Thursday, December 06, 2007

Poor Louisa

Thanks to the NYTimes’ Reading Room I have picked up The Education of Henry Adams, by the educatee himself. I haven’t read far (yet) but am quite intrigued.
I’m tempted to pitch one sentence of this book as a movie (probably to Sophia Coppola because I can’t think of another director it might interest). The sentence is:

The life at St. Petersburg was hardly gay for her [Louisa Adams, wife of President-to-be John Quincy]; they were far too poor to shine in that extravagant society; but she survived it, though her little girl baby did not, and in the winter of 1814-15, alone with the boy of seven years old, crossed Europe from St. Petersburg to Paris, in her travelling-carriage, passing through the armies, and reaching Paris in the Cent Jours after Napoleon’s return from Elba.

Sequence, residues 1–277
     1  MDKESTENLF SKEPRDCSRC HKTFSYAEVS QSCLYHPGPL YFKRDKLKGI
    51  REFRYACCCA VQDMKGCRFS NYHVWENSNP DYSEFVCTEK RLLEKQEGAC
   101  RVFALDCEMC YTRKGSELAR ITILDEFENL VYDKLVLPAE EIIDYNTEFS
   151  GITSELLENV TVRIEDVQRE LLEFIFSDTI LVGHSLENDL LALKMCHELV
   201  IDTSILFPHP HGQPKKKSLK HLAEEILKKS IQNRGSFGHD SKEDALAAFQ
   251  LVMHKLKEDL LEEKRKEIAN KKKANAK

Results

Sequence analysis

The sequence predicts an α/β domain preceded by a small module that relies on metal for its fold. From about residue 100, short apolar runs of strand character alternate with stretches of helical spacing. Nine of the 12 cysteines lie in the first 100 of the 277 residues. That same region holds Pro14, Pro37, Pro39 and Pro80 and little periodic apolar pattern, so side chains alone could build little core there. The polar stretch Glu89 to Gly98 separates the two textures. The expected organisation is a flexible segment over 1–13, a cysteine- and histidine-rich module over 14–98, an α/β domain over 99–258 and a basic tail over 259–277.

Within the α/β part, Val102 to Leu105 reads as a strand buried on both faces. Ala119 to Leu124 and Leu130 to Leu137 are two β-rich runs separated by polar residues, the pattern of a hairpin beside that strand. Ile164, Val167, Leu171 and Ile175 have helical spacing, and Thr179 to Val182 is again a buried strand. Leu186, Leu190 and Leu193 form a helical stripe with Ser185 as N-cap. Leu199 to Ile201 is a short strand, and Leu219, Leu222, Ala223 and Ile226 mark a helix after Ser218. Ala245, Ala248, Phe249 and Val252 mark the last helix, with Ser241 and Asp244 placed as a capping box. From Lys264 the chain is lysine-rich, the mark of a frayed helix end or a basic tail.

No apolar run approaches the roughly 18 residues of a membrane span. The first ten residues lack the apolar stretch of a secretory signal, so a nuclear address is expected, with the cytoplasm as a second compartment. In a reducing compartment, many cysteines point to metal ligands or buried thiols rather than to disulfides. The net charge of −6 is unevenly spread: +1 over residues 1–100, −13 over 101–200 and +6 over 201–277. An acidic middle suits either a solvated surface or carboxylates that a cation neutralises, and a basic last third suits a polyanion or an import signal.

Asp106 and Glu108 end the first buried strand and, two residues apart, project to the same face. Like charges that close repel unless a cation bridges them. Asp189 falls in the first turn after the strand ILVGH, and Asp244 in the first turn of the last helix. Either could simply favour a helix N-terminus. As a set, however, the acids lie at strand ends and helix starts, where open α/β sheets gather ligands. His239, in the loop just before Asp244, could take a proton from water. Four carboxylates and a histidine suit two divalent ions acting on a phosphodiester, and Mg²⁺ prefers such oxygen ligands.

The movie would end, I guess with the reunification of the couple, now more estranged than ever. It would take a lot of research, so it's lucky for me that the strike is still going on.

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